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ASCO 2022 | JAVELIN Bladder 100: Avelumab maintenance for metastatic or locally advanced bladder cancer

Joaquim Bellmunt, MD, PhD, Harvard Medical School and Dana-Farber Cancer Institute, Boston, MA, discusses the JAVELIN Bladder 100 study (NCT02603432), which investigated avelumab maintenance therapy for patients with metastatic or locally advanced bladder cancer. Patients who did not progress after receiving 4-6 cycles of first-line cisplatin-based chemotherapy were randomised to receive either avelumab maintenance plus best supportive care vs best supportive care alone, with a primary endpoint of overall survival. Results published in 2020 showed a significant survival benefit for avelumab maintenance therapy. This interview took place at the American Society of Clinical Oncology (ASCO) 2022 Annual Meeting in Chicago, IL.

Transcript (edited for clarity)

The JAVELIN 100 trial was a trial conducted as first line therapy, that in fact, it was first line therapy connected to maintenance therapy. Patients who had bladder cancer, metastatic, locally advanced, that were receiving cisplatin based chemotherapy, either cisplatin-gemcitabine or carboplatin-gemcitabine, if they did not progress, they were randomized after four, six cycles to receive avelumab maintenance, plus best supportive care, or best supportive care alone...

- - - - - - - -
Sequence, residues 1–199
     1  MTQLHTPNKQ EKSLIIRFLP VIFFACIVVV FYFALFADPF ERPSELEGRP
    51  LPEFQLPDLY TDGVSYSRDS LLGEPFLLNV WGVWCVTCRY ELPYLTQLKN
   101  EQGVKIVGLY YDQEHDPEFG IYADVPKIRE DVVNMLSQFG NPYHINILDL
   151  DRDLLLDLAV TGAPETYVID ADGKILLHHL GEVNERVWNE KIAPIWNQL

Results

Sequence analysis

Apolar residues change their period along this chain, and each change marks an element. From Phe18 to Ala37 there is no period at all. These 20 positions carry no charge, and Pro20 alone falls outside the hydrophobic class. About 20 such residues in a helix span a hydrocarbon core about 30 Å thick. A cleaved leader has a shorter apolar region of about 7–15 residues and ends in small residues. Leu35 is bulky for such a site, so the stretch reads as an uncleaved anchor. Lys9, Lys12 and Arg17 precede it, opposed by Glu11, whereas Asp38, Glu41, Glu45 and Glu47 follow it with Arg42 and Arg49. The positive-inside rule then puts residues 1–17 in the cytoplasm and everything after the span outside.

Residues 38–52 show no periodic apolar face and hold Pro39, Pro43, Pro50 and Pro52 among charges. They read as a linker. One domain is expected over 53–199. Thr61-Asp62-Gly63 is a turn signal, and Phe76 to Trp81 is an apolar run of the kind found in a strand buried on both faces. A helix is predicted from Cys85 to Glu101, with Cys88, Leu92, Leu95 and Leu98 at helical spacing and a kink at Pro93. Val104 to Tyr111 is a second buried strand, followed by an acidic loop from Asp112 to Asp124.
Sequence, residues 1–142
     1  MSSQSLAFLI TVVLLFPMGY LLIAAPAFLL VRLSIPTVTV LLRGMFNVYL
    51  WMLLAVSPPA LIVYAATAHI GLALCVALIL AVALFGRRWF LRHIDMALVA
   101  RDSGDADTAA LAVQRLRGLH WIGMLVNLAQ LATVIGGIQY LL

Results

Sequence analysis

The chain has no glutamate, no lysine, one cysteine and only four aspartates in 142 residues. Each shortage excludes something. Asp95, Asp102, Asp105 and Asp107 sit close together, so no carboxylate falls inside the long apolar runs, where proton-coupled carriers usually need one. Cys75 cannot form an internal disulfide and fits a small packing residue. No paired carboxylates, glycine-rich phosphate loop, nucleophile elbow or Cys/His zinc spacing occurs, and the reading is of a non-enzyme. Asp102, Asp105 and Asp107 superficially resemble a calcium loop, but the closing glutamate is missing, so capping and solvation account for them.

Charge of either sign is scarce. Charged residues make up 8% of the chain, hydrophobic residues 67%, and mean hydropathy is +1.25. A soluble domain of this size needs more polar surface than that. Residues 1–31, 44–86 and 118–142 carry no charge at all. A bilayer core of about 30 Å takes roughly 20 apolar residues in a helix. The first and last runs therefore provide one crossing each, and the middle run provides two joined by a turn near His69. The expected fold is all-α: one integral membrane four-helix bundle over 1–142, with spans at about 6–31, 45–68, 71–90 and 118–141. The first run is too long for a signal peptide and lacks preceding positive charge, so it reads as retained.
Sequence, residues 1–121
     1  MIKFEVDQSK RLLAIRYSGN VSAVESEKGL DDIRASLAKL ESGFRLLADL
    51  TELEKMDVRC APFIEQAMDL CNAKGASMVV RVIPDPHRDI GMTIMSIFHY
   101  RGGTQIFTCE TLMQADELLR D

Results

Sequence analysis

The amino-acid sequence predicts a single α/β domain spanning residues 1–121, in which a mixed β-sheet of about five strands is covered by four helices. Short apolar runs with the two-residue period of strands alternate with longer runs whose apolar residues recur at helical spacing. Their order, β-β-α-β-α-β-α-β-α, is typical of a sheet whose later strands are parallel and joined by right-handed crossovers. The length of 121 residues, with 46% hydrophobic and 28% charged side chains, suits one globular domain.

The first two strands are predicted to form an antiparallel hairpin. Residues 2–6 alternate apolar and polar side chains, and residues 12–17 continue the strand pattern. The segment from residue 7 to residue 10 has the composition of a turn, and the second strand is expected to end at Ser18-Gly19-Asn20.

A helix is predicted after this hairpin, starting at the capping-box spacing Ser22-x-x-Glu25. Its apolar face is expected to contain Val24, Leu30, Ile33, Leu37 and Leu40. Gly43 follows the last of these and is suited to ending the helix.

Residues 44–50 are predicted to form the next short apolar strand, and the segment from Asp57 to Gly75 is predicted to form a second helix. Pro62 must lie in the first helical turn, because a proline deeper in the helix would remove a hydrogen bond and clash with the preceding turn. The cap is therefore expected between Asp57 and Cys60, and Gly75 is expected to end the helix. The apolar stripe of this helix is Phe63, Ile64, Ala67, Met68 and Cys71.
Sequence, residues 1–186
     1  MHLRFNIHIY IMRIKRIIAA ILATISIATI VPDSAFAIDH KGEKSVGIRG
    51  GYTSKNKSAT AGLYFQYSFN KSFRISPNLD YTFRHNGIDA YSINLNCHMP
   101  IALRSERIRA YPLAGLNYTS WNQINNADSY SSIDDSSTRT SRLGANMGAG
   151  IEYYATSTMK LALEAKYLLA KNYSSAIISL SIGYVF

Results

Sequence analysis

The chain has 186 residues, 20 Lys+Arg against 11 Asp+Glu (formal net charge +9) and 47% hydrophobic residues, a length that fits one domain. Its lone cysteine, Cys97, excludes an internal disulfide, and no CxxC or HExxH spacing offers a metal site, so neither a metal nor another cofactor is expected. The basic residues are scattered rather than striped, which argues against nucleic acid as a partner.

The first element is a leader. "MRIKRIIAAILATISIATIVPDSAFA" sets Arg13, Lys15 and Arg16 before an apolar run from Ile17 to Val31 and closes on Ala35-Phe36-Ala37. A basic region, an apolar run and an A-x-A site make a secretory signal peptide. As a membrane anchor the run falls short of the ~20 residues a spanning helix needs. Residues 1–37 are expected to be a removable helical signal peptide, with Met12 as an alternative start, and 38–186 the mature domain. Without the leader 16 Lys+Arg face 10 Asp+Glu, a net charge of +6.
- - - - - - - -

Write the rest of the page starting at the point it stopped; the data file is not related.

The JAVELIN 100 trial was a trial conducted as first line therapy, that in fact, it was first line therapy connected to maintenance therapy. Patients who had bladder cancer, metastatic, locally advanced, that were receiving cisplatin based chemotherapy, either cisplatin-gemcitabine or carboplatin-gemcitabine, if they did not progress, they were randomized after four, six cycles to receive avelumab maintenance, plus best supportive care, or best supportive care alone. This happened in between four, ten weeks after completing the four, six cycles of chemotherapy. The main endpoint was overall survival, and the results of this trial were published in the New England Journal in 2020, where for the first time, giving maintenance avelumab in patients that did not progress to first line chemotherapy, a survival benefit was observed. The main difference in survival was seven months in patient, comparing avelumab maintenance versus best supportive care.

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